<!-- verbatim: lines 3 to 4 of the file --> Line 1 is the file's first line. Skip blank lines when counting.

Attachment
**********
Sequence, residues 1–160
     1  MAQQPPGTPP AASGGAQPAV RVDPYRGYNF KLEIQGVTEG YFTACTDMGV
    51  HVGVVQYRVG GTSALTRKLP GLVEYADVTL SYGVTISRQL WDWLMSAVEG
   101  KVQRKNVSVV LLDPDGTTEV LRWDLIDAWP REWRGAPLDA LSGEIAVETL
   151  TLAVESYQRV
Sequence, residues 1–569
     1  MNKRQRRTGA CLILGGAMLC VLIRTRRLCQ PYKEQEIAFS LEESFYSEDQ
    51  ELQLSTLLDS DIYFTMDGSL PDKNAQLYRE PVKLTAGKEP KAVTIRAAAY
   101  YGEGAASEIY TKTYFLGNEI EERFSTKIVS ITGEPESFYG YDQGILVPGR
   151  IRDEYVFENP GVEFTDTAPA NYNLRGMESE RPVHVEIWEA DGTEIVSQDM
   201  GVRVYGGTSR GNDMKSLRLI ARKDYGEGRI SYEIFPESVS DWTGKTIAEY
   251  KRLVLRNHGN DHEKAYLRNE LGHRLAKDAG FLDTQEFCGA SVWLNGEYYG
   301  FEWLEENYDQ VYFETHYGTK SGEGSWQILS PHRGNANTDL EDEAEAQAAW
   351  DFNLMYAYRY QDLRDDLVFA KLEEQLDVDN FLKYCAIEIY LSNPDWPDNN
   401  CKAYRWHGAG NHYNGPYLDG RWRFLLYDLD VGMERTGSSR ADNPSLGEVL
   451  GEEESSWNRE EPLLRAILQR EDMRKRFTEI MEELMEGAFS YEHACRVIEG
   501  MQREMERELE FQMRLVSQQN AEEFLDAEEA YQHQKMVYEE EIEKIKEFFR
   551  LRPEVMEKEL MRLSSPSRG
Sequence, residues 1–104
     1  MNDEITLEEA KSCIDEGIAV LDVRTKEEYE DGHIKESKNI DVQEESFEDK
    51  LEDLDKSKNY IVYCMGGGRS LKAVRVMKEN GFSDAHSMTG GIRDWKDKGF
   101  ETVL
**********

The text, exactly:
    51  HVGVVQYRVG GTSALTRKLP GLVEYADVTL SYGVTISRQL WDWLMSAVEG
   101  KVQRKNVSVV LLDPDGTTEV LRWDLIDAWP REWRGAPLDA LSGEIAVETL